Bears’ Brian McCaskey on hearing loss: ‘Technology has really saved me’
Brian McCaskey couldn’t watch, and it had nothing to do with the Bears losing 31-3 to the Giants in an NFC divisional playoff game.
McCaskey never made it out of his New York hotel room, with a sudden attack of vertigo rendering him dizzy, disoriented and helpless. Doctors eventually diagnosed McCaskey, the second-youngest son of Ed and Virginia McCaskey, with Meniere’s disease, an inner ear disorder that includes ringing sounds and hearing loss. The bouts limiting the function of McCaskey’s right ear continued sporadically as visiting emergency rooms and trying different medications became a regular part of life.
“With each attack I’d lose more hearing,’’ McCaskey, a Bears vice president, said.
One of the most memorable episodes happened Jan. 23, 2011, when the Bears played the Packers in the 2010 NFC championship game at Soldier Field. After arriving at the stadium, McCaskey began to sweat profusely and feel nauseous. His blood pressure dropped and the debilitating symptoms made him unable to stand so he laid on the floor inside the Bears locker room until his world stopped spinning. George McCaskey, now the Bears chairman, stayed at the side of his ailing younger brother as the team their family owned played outside for a Super Bowl berth.
“He gave up watching the game,’’ Brian said in his first interview about his hearing loss.
The McCaskeys and close friends knew of Brian’s ear issues but fiercely protected his privacy and hoped for the best. Then came the worst when Meniere’s struck again around McCaskey’s 50th birthday.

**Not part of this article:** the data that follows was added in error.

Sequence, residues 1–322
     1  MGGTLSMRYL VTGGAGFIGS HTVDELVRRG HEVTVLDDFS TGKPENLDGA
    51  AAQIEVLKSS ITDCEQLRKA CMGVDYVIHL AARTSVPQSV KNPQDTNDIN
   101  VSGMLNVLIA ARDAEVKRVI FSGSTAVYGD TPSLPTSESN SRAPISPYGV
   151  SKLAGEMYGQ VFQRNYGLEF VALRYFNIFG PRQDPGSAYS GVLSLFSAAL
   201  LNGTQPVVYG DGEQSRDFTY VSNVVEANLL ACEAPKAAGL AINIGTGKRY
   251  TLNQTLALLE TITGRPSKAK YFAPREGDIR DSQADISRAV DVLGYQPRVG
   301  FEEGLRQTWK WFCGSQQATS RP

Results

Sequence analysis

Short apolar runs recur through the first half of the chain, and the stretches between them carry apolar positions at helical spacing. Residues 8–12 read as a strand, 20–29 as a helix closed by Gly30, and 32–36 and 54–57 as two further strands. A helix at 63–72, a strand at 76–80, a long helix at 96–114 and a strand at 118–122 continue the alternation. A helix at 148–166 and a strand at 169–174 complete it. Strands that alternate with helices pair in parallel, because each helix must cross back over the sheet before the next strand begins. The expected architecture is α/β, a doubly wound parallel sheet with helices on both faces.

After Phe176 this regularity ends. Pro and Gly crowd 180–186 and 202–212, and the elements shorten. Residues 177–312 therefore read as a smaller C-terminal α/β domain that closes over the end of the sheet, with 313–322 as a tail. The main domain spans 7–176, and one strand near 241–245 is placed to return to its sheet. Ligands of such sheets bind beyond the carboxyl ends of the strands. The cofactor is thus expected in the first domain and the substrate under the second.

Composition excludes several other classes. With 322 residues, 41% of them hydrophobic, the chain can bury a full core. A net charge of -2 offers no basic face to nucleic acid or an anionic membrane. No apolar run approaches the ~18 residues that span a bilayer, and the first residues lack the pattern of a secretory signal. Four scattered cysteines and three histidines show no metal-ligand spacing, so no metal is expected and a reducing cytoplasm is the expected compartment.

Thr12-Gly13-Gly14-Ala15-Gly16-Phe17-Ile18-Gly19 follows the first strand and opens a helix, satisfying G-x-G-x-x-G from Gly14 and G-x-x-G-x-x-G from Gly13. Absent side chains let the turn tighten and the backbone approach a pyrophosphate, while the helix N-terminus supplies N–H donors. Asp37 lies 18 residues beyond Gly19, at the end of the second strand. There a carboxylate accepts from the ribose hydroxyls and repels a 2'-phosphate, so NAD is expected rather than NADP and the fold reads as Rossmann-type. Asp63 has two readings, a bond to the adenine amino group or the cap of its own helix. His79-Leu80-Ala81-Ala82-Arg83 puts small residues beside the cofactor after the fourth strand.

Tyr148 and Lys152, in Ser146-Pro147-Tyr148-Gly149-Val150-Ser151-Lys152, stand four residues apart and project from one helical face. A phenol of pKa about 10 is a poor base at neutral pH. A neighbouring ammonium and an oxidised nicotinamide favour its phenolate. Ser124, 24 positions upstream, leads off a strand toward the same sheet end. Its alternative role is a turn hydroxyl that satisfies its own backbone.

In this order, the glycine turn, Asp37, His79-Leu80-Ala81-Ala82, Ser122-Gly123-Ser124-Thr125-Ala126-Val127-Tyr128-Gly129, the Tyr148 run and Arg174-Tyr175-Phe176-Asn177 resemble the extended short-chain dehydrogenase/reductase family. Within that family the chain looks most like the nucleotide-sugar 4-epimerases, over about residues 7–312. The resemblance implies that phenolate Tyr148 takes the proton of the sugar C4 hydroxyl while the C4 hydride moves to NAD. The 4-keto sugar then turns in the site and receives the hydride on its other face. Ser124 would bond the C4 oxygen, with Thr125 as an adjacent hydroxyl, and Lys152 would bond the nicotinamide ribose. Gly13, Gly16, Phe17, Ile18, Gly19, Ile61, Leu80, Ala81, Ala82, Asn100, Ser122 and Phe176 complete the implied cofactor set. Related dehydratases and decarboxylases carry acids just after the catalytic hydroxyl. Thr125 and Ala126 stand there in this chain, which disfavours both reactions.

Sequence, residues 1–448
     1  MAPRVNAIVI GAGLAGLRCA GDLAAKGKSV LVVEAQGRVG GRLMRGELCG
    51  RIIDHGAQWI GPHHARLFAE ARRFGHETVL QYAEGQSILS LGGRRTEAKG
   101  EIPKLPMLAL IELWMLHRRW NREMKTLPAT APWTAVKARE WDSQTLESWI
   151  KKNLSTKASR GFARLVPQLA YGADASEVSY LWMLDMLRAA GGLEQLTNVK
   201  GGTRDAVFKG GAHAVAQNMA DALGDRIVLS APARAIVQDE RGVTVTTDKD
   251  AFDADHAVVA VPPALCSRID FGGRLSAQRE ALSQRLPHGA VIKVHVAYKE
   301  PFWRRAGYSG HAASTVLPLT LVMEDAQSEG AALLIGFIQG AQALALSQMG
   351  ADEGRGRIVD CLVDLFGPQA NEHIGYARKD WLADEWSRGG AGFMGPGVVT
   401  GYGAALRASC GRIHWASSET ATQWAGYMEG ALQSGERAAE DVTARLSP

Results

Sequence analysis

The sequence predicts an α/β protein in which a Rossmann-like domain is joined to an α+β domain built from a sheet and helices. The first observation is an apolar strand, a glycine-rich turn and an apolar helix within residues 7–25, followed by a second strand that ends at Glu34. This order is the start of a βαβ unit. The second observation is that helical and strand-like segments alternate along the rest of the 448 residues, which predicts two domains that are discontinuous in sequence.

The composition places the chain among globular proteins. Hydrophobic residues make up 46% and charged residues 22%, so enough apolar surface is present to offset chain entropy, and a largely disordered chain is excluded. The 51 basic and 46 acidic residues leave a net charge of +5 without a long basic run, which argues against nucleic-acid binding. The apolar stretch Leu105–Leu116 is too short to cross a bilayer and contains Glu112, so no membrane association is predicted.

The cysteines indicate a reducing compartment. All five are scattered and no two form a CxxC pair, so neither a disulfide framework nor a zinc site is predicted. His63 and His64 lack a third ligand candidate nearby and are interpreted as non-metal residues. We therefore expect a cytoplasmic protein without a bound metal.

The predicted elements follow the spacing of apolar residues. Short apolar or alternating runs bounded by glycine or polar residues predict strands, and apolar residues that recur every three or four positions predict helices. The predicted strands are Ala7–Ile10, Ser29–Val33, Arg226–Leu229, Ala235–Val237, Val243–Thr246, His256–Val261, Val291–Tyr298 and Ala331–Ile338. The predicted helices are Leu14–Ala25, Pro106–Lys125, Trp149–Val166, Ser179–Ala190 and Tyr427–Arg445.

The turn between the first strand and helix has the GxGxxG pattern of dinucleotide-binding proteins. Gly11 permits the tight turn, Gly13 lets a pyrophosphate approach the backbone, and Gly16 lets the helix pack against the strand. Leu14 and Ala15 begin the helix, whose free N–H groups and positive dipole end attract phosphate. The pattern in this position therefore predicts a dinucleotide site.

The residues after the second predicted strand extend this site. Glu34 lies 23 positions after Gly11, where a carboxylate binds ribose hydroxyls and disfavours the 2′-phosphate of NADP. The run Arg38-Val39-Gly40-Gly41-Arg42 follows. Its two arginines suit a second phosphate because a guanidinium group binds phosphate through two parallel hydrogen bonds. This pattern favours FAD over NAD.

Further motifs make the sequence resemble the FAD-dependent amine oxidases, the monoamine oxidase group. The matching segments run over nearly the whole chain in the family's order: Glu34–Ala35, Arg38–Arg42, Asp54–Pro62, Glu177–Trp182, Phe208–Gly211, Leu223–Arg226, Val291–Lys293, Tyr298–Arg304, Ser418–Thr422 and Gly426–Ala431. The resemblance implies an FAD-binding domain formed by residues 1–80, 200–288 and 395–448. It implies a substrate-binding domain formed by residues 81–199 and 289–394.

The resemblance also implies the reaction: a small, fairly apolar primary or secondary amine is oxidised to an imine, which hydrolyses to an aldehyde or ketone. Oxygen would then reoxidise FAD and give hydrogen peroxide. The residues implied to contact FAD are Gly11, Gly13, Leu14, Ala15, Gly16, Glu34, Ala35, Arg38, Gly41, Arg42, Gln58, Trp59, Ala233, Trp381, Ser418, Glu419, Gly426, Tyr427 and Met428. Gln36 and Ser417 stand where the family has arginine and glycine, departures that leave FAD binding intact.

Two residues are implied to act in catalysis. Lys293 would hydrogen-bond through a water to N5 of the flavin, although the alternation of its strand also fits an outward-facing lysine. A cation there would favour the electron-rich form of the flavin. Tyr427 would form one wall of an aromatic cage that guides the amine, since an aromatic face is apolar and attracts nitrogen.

“I woke up one day deaf, literally, in my second ear,’’ said McCaskey, 57, who’s on the advisory board of the HearStrong Foundation, which recognizes the accomplishments of people who overcome hearing loss. “The analogy I use is you can fly an airplane on one engine but when the other one conks out, you have problems. I had problems.’’
McCaskey’s biggest problem: Now, neither ear worked.
Defined medically, McCaskey suffers from a sensorineural loss — damage to the hair cells in the sensory hearing organ called the cochlea. Addressing the issue seven years ago after he lost hearing in his good ear required surgery called endolymphatic sac decompression and shunt insertion, a procedure deemed necessary when conservative treatment fails. It involved going into the part of the skull just under the brain to create a drainage portal.
“The swelling after the surgery initially made everything worse but, luckily, after awhile it got better,’’ McCaskey said.
Recovery included a new reality — a much quieter one.
“My hearing was gone, and what’s gone is gone — it’s not coming back,’’ McCaskey said. “Birds can restructure their hearing. Fish can restructure their hearing. Humans cannot. Once there is hearing damage to the cochlea and the hair cells inside the cochlea — a structure the size of the tip of your pinkie — there is no going back.’’